A key, if not the main, factor in the resumption of talks has been pressure from the United States. In March, the Wall Street Journal revealed that US President Barack Obama had issued a secret presidential directive in late December “to intensify American diplomacy aimed at easing tensions between India and Pakistan, asserting that without detente between the two rivals, the administration’s efforts to win Pakistani cooperation in Afghanistan would suffer.”
Afghanistan and the Afghan War have become a major and increasing source of geopolitical tension between South Asia’s nuclear-armed powers.
Pakistan, which became deeply involved in Afghan affairs in the 1980s when it served as the conduit for US arms for the anti-Soviet Afghan mujahedeen, resents and fears India’s growing ties to Kabul. With Washington’s encouragement, India has emerged as one of Afghanistan’s largest foreign aid donors and has undertaken several major infrastructure projects. These include building a highway that connects Iran to Afghanistan’s national ring-road highway and that can serve as a way for Indian goods to by-pass a Pakistani embargo on land trade between India and Afghanistan. Islamabad has repeatedly charged that New Delhi has used Afghanistan to funnel support to anti-government rebels in Baluchistan, Pakistan’s impoverished western-most province.
New Delhi, for its part, has been very apprehensive that Obama will downgrade Washington’s relations with New Delhi, in pursuit of securing Pakistani support in the Afghan war and Chinese help in dealing with the world financial and economic crisis.
The Indian government’s reaction to the Mumbai terrorist attack—its insistence that Pakistan was to blame and that the attack proved that Pakistan is the centre of world terrorism—was in part a response to its apprehensions about Obama’s intentions. India’s elite was aghast when during the 2008 presidential election campaign Obama and some of his advisors suggested that in return for securing a greater Pakistani role in suppressing the Taliban, the US should consider helping Pakistan resolve its dispute with India over Kashmir.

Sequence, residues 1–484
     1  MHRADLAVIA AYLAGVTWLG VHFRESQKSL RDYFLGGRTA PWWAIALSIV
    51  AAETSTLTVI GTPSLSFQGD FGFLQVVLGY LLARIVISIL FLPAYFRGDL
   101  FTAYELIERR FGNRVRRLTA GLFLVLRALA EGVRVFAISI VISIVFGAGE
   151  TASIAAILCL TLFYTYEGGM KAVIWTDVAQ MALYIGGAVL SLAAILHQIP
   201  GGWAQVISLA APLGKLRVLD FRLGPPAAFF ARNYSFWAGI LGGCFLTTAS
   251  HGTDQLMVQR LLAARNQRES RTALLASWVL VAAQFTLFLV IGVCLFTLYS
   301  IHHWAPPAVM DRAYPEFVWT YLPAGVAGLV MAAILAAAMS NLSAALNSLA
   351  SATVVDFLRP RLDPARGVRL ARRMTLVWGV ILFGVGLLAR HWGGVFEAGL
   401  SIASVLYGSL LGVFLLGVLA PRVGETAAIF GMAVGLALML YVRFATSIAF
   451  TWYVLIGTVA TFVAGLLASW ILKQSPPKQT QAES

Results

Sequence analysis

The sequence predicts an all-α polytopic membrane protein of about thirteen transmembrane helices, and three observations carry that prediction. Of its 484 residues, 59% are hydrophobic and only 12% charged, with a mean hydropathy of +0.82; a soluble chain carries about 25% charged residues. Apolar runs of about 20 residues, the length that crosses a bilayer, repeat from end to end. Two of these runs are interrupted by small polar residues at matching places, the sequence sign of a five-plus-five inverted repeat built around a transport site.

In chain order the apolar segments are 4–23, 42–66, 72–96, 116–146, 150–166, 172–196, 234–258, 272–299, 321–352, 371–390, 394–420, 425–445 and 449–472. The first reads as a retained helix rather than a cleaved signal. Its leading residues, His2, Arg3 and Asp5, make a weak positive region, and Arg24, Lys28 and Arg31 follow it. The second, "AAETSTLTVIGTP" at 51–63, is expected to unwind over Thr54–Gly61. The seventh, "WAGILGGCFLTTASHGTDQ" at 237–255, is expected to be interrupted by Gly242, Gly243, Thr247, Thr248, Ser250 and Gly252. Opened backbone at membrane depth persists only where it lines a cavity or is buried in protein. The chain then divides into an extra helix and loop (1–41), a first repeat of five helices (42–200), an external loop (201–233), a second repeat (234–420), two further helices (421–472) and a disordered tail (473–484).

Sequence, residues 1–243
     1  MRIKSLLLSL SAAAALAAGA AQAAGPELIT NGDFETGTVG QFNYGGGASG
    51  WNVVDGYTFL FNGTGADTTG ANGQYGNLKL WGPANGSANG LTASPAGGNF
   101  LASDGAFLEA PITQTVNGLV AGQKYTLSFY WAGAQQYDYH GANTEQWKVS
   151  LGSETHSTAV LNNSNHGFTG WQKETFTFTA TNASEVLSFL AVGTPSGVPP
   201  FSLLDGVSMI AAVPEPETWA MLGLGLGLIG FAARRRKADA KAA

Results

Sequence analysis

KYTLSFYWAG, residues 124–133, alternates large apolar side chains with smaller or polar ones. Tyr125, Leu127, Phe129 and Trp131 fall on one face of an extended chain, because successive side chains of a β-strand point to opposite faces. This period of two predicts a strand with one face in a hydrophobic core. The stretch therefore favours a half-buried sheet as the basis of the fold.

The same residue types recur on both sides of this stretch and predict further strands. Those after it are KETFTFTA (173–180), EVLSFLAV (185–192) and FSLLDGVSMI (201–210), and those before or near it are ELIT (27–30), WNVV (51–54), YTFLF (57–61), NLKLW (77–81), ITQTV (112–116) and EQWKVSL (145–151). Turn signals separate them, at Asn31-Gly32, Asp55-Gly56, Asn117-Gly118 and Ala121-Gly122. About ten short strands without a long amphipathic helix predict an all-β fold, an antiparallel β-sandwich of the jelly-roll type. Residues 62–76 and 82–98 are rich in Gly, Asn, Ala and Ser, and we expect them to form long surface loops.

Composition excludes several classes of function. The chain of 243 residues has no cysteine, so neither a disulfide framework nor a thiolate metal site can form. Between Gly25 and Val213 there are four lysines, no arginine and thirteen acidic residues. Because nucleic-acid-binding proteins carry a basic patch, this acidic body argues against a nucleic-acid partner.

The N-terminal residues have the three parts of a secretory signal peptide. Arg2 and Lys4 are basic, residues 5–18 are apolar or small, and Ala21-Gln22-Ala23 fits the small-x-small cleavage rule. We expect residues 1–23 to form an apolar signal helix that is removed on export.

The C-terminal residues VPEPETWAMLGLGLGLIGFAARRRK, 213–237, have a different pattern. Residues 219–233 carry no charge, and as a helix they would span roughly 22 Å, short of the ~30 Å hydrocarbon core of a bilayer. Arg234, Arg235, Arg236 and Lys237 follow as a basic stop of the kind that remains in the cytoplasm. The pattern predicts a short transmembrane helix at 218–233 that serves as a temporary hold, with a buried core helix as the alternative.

The past 18 months have been fraught with tensions between Washington and Islamabad, as the Obama administration has expanded the Afghan war with the aim of stabilizing a pro-US regime in Kabul and thereby freeing US forces for action elsewhere. The US has threatened and bullied Pakistan into mounting major military offensives aimed at suppressing Taliban-aligned groups in the country’s Pashtun-speaking Afghan border regions, although this has caused untold hardship for the Pakistani people and plunged much of the country into civil war. At the same time, Washington has offered Islamabad various carrots, including increased economic and military aid and initiated a strategic dialogue. As in the past, the venal Pakistani bourgeoisie is seeking to leverage the US military and logistical dependence on Pakistan in the Afghan war to secure riches and geopolitical advantage. In particular, Islamabad hopes, due to its longstanding ties to the Taliban (it helped propel it to power in the mid-1990s), to be able to play a major role in configuring a new government in Kabul that incorporates sections of the anti-US forces after they have been “softened up” though Obama’s “Afghan surge.”
New Delhi, meanwhile, is concerned that it is being squeezed out of Afghanistan and more fundamentally that Washington is backing off from the “global strategic” Indo-US partnership that was cemented under George W. Bush’s administration. The Obama administration has vigorously denied this. As proof it has pointed to its support for implementing the Indo-US nuclear accord, which grants India a unique status within the world nuclear regulatory regime, allowing it to purchase nuclear fuel and advanced civilian nuclear technology although it developed nuclear weapons in defiance of the Nuclear Non-Proliferation Treaty.
Pakistan has vigorously denounced the Indo-US nuclear accord, charging that it will allow India to focus its indigenous nuclear program on its nuclear arsenal and warning that it will fuel a South Asian arms race.
In reality, the US is caught between the compulsions of its immediate geopolitical objectives and its long-term strategy. It vitally needs Islamabad’s cooperation to secure its objectives in the Afghan War, but from a longer-term perspective it views New Delhi as the real prize, viewing India as a crucial counterweight to a rising China and a partner in policing the Indian Ocean.
Islamabad is very well aware of this dynamic, as well as the ever-widening gap in economic and geopolitical power between it and New Delhi. As a result, it is all the more anxious and driven.
The US wants and needs a lessening of Indo-Pakistani tensions. But its predatory drive to assert its position in Asia continuously upsets the balance between them. Moreover, its desire for improved relations between Islamabad and New Delhi is subordinate to other predatory ambitions.
When the Indo-Pakistani peace dialogue was initiated, a major initiative that was intended to underpin it was the construction of an Iran-Pakistan-India natural gas pipeline. But Washington has vigorously opposed the scheme, as it would cut across its economic war against Iran.